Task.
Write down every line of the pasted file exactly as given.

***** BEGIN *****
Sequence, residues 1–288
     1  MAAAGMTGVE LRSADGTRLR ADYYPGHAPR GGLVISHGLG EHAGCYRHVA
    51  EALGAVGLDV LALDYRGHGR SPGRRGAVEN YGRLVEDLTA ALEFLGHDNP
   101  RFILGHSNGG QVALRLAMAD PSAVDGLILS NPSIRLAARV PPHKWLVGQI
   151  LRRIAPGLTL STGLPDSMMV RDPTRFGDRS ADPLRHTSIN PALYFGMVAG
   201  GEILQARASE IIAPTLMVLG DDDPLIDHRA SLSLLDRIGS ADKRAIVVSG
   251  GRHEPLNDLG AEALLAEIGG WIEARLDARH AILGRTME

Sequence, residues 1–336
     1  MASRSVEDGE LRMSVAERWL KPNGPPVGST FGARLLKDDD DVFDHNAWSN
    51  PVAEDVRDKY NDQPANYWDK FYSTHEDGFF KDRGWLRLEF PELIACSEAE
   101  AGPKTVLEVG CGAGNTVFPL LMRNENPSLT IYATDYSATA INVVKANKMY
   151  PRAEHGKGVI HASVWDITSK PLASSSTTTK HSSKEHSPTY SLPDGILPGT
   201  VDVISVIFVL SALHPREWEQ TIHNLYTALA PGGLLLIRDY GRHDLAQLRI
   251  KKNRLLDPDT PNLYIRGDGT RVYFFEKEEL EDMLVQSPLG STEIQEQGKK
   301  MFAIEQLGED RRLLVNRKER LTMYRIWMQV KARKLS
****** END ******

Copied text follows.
Sequence, residues 1–288
     1  MAAAGMTGVE LRSADGTRLR ADYYPGHAPR GGLVISHGLG EHAGCYRHVA
    51  EALGAVGLDV LALDYRGHGR SPGRRGAVEN YGRLVEDLTA ALEFLGHDNP
   101  RFILGHSNGG QVALRLAMAD PSAVDGLILS NPSIRLAARV PPHKWLVGQI
   151  LRRIAPGLTL STGLPDSMMV RDPTRFGDRS ADPLRHTSIN PALYFGMVAG
   201  GEILQARASE IIAPTLMVLG DDDPLIDHRA SLSLLDRIGS ADKRAIVVSG
   251  GRHEPLNDLG AEALLAEIGG WIEARLDARH AILGRTME

Sequence, residues 1–336
     1  MASRSVEDGE LRMSVAERWL KPNGPPVGST FGARLLKDDD DVFDHNAWSN
    51  PVAEDVRDKY NDQPANYWDK FYSTHEDGFF KDRGWLRLEF PELIACSEAE
   101  AGPKTVLEVG CGAGNTVFPL LMRNENPSLT IYATDYSATA INVVKANKMY
   151  PRAEHGKGVI HASVWDITSK PLASSSTTTK HSSKEHSPTY SLPDGILPGT
   201  VDVISVIFVL SALHPREWEQ TIHNLYTALA PGGLLLIRDY GRHDLAQLRI
   251  KKNRLLDPDT PNLYIRGDGT RVYFFEKEEL EDMLVQSPLG STEIQEQGKK
   301  MFAIEQLGED RRLLVNRKER LTMYRIWMQV KARKLS